ARCHIV - Im AWO-Seniorenheim in Wildau (Brandenburg) betreut am 08.02.2012 Yannis Lassal im Rahmen seines Bundesfreiwilligendienstes (BFD) einen Mann. Ende 2013 waren nach Angaben des Niedersächsischen Landesamtes für Soziales, Jugend und Familie im Land mehr als 3500 junge Menschen in Pflegeheimen oder Krankenhäusern eingesetzt, um ihren Beitrag für die Gesellschaft zu leisten. Das freiwillige soziale Jahr wird am kommenden Sonntag 50 Jahre alt. Foto: Patrick Pleul/dpa (zu lni "50 Jahre soziales Engagement - Tausende machen freiwilliges Jahr" vom 14.08.2014) +++(c) dpa - Bildfunk+++

Young Berliners who complete a voluntary social year (FSJ) will receive additional pocket money of 120 euros per month from September 1st. This partially reverses unequal treatment that the Senate has been complaining about for years. Around 2,000 young people in the state of Berlin are currently completing an FSJ every year. The introduction of a state subsidy in the FSJ and the increase in pocket money was decided with the new Berlin double budget. All sponsors of the voluntary social year (FSJ) recognized in the state of Berlin can now apply for state funding. “With the increase in pocket money, we want to strengthen the FSJ in the state of Berlin and recognize the commitment of those doing voluntary service,” said Secretary of State for Youth Aziz Bozkurt from the Senate Department for Education, Youth and Family.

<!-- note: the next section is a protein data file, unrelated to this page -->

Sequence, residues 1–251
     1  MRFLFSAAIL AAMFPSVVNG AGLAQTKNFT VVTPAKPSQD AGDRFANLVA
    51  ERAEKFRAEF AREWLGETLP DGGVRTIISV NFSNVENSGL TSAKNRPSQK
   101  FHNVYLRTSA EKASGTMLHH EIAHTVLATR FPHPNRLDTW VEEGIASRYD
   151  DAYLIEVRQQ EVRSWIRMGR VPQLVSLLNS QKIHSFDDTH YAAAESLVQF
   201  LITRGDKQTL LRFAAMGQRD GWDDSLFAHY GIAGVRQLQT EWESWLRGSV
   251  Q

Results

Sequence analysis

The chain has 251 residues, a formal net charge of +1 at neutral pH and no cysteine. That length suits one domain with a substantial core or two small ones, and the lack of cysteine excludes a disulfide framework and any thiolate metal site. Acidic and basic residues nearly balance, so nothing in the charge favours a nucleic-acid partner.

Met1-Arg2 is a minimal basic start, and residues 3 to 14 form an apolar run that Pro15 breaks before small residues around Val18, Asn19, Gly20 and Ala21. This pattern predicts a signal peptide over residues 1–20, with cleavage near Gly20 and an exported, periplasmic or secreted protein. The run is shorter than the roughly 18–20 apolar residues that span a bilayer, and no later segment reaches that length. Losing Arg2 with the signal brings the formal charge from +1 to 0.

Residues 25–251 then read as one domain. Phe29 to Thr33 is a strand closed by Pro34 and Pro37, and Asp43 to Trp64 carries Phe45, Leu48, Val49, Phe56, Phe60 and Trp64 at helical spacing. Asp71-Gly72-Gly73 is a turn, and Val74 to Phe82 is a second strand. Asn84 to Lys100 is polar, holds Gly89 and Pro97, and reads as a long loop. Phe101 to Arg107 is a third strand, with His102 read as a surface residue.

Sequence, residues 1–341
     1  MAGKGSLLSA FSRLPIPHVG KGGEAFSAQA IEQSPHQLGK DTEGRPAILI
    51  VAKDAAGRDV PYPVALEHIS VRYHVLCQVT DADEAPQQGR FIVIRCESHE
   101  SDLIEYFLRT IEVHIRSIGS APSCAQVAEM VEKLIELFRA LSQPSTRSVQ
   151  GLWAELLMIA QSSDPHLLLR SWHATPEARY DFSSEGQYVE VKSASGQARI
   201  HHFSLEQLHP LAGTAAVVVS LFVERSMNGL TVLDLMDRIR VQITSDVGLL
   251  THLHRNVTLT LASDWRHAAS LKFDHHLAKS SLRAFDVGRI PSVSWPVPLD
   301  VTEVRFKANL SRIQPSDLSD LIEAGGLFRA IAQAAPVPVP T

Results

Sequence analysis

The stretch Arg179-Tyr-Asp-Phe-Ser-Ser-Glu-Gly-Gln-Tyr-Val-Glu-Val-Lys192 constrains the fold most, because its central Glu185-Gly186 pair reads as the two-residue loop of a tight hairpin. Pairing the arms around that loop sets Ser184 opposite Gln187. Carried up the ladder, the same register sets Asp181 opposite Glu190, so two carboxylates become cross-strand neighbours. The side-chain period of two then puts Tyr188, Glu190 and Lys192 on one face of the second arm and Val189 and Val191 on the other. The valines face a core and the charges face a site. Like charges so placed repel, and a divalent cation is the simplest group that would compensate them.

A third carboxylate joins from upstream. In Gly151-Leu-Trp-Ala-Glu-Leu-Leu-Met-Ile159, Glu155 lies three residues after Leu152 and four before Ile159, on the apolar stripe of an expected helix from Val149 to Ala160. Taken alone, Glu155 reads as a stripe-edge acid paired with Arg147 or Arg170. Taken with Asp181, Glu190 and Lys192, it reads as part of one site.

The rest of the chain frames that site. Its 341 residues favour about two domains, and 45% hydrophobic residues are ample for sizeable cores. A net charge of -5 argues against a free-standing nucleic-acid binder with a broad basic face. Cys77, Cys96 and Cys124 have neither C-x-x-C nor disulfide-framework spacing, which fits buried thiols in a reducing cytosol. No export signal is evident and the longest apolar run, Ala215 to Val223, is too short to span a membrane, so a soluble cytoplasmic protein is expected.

In recent years, many young Berliners in the FSJ have repeatedly complained about unequal treatment. The FSJ students receive between 250 and 300 euros per month for their full-time service. They also have to pay their monthly ticket for local public transport and any rental costs. An absurdity, represented the supporting organizations and the state youth council for a long time. And unfair too. Because volunteers in the Ecological Year (FÖJ) have always received 510 euros a month, says Tilmann Weickmann, Managing Director of the Berlin State Youth Council. However, the 28 Berlin sponsors of a voluntary social year do not receive any state funding. Incidentally, this is different from eight other federal states. In particular, the state youth council had campaigned publicly for a change. “A very good sign that something has changed,” said LJR spokesman David Spitzl, assessing the Senate administration’s announcement. However, it is not yet clear how the application will go and whether the payment can really be made as early as September 1st. The State Youth Council looks after 40 FSJ students. The carriers are asked to submit the applications by August 12, explained Jugendring employee Lisa Heiduck. She hopes that the decisions will be approved quickly and the money will be transferred so that the pocket money can really be paid out on September 1st. The Landesjugendring currently pays FSJ students 400 euros per month; other organizations in Berlin sometimes pay less – one organization only pays 250 euros a month. By treating FSJ students unequally and young people who do a better-paid FÖJ or the federal voluntary service, the Senate fuels competition between the voluntary services, Landesjugendring manager Weickmann had complained several times. In most cases, full-time FSJ students in Berlin have depended on additional financial support from their parents. As a result, according to FSJ representatives, young people from low-income households often do not do an FSJ or have to work part-time. Because the Berlin sponsors of a voluntary social year felt unable to increase the remuneration themselves. The parliamentarians in the Committee for Civic Engagement in the House of Representatives also discussed the problem in a hearing during the past electoral term. The commitment strategy of the state of Berlin, which was passed by the Senate and the House of Representatives in 2021, also included a call for an adjustment. It states that “a uniform pocket money for all volunteers should be made possible through a public grant from the state”.